Philip-Lorca diCorcia has been acknowledged as one of the most innovative and influential photographers of the past thirty years. Often labeled a member of the so-called “Boston School” (he attended the School of the Museum of Fine Arts, Boston with David Armstrong and Nan Goldin), he has created a highly individual and influential body of work that spans documentary photography and staged tableaux linked to postmodern image construction. Known for their taut cinematic quality, his photographs build on the tension between fact and fiction, stillness and flux, to picture the uncertainty, even contingency, of life on the threshold.

Igor is a classic image from an important transitional moment in diCorcia’s career, when he shifted from highly constructed interior tableaux to exterior street photography. It depicts a man on the New York subway, holding a goldfish in a water-filled plastic bag. Like many of diCorcia’s figures, the man appears motionless, lost in thought; one is not sure if he has been posed or found by the artist. A contrast between the speed of the subway and the blank stillness of the man’s body and face lends the image a psychological quality—as if he, like the fish in his bag, were trapped in a larger, hurtling world around him.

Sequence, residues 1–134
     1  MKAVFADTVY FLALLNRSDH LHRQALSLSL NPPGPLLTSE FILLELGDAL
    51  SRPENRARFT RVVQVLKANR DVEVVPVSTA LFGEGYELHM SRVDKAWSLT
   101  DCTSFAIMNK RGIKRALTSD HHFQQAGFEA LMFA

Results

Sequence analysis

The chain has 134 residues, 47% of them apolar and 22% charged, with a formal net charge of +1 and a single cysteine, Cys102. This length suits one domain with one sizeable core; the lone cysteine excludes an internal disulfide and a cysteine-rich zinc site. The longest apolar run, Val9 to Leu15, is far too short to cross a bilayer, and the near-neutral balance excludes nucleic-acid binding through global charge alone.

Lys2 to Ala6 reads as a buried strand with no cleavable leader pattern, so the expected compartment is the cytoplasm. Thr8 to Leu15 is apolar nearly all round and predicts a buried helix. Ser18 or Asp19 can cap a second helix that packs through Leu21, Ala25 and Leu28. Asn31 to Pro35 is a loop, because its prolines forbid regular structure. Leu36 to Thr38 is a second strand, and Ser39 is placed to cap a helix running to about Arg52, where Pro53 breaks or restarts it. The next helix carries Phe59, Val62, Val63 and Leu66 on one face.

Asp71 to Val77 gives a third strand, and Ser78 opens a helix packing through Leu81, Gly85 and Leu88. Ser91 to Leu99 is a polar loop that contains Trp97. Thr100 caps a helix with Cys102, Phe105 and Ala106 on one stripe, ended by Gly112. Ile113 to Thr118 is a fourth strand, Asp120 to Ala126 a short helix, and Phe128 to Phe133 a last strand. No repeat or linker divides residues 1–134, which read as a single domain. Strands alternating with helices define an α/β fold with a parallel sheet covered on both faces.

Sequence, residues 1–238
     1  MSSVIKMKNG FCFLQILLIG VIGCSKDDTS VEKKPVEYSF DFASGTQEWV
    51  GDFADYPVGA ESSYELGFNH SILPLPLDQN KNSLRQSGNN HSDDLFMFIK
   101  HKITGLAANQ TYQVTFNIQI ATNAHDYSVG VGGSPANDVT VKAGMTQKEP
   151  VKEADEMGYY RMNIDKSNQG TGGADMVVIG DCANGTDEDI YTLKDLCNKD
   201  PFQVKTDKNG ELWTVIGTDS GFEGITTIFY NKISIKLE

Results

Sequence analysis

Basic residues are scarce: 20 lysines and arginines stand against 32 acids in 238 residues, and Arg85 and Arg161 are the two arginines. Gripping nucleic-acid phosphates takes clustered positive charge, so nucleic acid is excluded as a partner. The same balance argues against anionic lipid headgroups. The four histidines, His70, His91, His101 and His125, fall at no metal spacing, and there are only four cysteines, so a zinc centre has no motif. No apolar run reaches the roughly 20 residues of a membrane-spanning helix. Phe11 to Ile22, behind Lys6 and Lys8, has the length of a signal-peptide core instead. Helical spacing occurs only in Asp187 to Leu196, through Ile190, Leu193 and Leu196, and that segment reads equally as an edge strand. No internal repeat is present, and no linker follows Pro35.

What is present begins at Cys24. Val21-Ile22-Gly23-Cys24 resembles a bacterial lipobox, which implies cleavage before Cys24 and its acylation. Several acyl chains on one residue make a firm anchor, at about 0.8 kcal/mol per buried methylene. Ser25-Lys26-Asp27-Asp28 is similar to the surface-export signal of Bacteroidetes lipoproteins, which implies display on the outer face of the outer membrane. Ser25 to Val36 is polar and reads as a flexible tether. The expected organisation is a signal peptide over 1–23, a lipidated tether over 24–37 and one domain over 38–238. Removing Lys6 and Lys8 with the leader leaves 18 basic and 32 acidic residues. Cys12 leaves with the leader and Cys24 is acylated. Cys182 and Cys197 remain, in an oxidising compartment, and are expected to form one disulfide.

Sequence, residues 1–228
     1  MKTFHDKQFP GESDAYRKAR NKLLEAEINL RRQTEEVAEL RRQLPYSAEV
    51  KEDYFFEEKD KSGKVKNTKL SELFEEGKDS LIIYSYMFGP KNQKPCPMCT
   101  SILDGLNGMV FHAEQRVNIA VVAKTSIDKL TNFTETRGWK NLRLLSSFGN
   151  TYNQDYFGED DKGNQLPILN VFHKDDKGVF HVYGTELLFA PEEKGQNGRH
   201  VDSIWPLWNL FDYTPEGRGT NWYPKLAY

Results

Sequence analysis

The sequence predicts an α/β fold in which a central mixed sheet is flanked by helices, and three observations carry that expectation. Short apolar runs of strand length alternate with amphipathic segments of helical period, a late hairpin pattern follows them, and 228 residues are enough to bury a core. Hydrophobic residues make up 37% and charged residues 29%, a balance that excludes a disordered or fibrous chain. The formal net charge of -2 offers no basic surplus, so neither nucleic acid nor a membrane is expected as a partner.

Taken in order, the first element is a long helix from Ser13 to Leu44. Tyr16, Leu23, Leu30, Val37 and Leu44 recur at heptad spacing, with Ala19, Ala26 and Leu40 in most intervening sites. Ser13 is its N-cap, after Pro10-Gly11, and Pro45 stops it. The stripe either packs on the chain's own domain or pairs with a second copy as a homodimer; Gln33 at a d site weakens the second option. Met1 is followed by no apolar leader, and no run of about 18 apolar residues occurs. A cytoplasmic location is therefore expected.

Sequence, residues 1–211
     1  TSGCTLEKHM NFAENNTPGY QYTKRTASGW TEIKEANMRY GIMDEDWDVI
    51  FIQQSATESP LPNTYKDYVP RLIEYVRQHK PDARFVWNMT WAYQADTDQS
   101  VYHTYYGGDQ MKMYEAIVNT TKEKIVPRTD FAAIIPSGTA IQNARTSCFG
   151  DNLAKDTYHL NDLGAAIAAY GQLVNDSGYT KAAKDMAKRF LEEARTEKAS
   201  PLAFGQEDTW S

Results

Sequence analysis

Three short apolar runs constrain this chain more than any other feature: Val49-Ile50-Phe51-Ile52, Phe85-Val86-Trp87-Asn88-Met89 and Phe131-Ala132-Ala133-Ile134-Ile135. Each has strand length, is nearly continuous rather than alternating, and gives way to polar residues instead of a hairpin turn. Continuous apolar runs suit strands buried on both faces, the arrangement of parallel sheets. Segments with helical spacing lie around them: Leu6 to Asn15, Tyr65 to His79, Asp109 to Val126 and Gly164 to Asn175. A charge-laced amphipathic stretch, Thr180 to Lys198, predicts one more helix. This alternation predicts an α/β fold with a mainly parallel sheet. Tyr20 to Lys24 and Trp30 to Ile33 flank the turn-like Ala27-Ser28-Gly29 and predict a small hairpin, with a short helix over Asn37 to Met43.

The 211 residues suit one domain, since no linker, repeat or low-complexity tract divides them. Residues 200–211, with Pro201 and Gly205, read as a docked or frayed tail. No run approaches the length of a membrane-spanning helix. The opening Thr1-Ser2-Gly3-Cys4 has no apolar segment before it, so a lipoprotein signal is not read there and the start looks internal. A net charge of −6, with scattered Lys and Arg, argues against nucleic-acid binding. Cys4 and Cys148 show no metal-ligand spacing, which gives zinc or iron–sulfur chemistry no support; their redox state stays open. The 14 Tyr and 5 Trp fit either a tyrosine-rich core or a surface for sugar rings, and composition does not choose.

The ICA/Boston collection includes numerous works by Boston school photographers, and the addition of this print enriches the museum’s capacity to tell the history of Boston art and artists. Furthermore, this work offers a bridge between the controlled approach of diCorcia’s early work and the flux and spontaneity of his later Streetwork series (represented in the museum’s collection by Igor, 1987, and London, 1995). A major survey exhibition of diCorcia’s career was held at the ICA in 2007.